Respiratory infections

The most frequent respiratory infections associated with diabetes are due to Streptococcus pneumoniae (pneumococcal pneumonia) and the influenza virus. People with diabetes are six times more likely to need hospitalization during influenza epidemics and develop serious complications [6]. Patients with diabetes have a high incidence of nasal carriage of Staphylococcus aureus. To reduce hospitalizations, death, and medical expenses, influenza and pneumococcal vaccination are recommended for all patients with diabetes [2]. Patients with diabetes are at higher risk of contracting tuberculosis than individuals without diabetes. Routine screening of patients with tuberculosis for diabetes and patients with diabetes for tuberculosis are also recommended [5, 8].

Genitourinary infections

Although women with diabetes have greater prevalence of asymptomatic bacteriuria, the routine use of antibiotic therapy remains controversial [5]. Urinary tract infections are more prevalent and can evolve into more serious conditions. Acute pyelonephritis is four to five times more common in individuals with diabetes, and is more frequently bilateral. Additionally, people with diabetes are at increased risk for complications such as perinephric and/or renal abscesses. More than 90% of cases of emphysematous pyelonephritis occur in patients with diabetes. This entity can be diagnosed with a plain film of the abdomen and has a high mortality. Failure of fever to resolve after three to four days of treatment of a urinary tract infection in a patient with diabetes should arouse suspicion about the possibility of this uncommon complication. In addition to intravenous antibiotics, surgical drainage is usually required [9].

Mucosal colonization with Candida albicans is also common in people with diabetes who are overweight or are taking antibiotics. These infections can cause extreme discomfort and result in breakdown of the skin, which allows entry of more virulent organisms. Good glycemic control and local antifungal treatment usually resolve the problem. Women with diabetes who have poor glycemic control are prone to vulvovaginal candidiasis [4].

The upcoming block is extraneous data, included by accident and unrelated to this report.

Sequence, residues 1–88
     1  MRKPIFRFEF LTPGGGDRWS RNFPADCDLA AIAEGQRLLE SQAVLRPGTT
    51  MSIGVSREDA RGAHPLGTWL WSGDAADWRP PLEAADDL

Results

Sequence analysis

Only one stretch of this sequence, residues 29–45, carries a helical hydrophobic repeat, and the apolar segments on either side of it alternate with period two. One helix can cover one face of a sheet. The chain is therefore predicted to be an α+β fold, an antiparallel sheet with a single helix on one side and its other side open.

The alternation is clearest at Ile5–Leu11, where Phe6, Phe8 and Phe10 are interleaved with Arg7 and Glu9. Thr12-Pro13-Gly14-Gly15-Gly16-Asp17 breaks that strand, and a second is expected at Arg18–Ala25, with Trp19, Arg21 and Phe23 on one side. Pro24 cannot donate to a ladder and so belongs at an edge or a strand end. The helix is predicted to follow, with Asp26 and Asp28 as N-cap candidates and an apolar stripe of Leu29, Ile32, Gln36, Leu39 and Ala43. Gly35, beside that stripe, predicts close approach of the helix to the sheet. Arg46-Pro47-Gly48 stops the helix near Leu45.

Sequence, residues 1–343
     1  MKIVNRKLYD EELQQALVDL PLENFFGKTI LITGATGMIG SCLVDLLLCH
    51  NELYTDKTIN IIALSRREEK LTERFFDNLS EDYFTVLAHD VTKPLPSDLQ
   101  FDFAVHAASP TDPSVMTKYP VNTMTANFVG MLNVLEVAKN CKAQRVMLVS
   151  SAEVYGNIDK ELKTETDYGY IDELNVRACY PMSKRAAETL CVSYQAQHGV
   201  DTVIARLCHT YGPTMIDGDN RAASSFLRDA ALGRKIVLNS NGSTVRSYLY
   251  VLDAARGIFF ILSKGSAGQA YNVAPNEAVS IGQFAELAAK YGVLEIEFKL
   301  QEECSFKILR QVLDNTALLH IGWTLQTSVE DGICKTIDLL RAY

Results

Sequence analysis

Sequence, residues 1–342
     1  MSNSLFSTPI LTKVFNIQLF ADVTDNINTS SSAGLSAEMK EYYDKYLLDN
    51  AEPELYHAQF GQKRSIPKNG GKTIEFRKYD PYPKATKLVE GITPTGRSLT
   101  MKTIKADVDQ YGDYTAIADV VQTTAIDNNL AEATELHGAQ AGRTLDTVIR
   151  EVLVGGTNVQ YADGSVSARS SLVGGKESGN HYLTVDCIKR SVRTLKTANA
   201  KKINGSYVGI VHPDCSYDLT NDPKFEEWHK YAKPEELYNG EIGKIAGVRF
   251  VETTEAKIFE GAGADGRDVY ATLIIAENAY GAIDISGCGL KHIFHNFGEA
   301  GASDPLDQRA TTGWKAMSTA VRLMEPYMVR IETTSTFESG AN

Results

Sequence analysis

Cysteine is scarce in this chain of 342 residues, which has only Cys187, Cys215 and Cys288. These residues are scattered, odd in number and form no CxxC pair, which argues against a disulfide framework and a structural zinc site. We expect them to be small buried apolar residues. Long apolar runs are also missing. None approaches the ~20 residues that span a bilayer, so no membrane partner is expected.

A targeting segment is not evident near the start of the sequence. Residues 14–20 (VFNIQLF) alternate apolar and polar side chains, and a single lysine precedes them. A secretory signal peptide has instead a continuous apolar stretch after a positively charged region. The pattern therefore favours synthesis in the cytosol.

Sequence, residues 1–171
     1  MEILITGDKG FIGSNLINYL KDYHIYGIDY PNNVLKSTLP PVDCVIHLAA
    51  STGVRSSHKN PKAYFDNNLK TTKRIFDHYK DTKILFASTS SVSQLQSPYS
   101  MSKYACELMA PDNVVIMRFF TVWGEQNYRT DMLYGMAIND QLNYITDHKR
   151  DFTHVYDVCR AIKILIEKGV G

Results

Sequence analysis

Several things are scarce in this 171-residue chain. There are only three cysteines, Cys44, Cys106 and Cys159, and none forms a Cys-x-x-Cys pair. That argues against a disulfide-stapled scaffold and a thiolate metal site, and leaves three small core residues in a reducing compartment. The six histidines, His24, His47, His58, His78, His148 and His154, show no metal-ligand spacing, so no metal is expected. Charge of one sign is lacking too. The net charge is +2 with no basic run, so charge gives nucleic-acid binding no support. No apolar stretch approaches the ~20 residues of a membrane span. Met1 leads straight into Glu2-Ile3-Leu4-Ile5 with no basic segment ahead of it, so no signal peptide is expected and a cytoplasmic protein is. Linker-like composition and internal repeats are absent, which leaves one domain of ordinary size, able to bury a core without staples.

Gastrointestinal and liver infections

Patients with diabetes may develop yeast infections in the gastrointestinal (GI) tract, especially when glycemic control is poor. The most common agent is Candida albicans. Yeast infection in the mouth (thrush) is characterized by a thick white coating of the tongue and throat. If the infection extends further, esophagitis results, which may cause intestinal bleeding, pain, and difficulty swallowing. Oral Candida can be diagnosed by physical examination, but esophagitis usually requires endoscopy. Treatment is with topical and/or systemic antifungal medication.

Emphysematous cholecystitis may be clinically similar to acute cholecystitis, but the proportion of males is higher, gangrene of the gallbladder and perforation are more frequent, and the overall mortality is higher. The diagnosis is established by radiographic demonstration of gas on X-ray or by abdominal computed tomography (CT). Emergency cholecystectomy, in addition to broad-spectrum antibiotics, is necessary [9, 10].

Patients with hepatitis C (HCV) are three times more likely to develop diabetes than individuals who are HCV negative. Patients with HCV who develop type 2 diabetes have more severe liver disease and increased fibrosis compared to those who do not have diabetes [5, 11]. Hepatitis B virus (HBV) infections have been reported among patients who shared blood glucose meters [12]. Acute HBV infection is twice as high among adults with diabetes. In 2012 the Centers for Disease Control and Prevention recommended HBV vaccination to adults with diabetes under 60 years of age [13].

Head and neck infections

The two most serious head and neck infections are invasive external otitis and rhinocerebral mucormycosis. Dental infections will be discussed in Chapters 6 and 8.

Invasive external otitis is an uncommon infection of the ear canal that can extend to the skull and adjacent regions. It often affects the elderly, and the etiologic agent is usually Pseudomonas aeruginosa. The patient has severe pain, discharge from the ear canal, and hearing loss. Skull base osteomyelitis and cranial nerve involvement may occur. The best diagnostic method is magnetic resonance imaging. Treatment includes repeated debridement and antibiotic therapy [5, 10].

Rhinocerebral mucormycosis is a rare fungal infection of the nasal sinuses and brain. Approximately 50% of cases have diabetes. Ketoacidosis is the most important risk factor. Early manifestations include facial or ocular pain and nasal stuffiness. Diagnosis is established by biopsy and culture of necrotic tissue from the nasal passages or the palate. Surgical debridement of infected tissue and drainage of infected sinuses are key elements in achieving a cure. Control of diabetes and institution of amphotericin B are crucial [5, 10].

Skin and soft tissue infections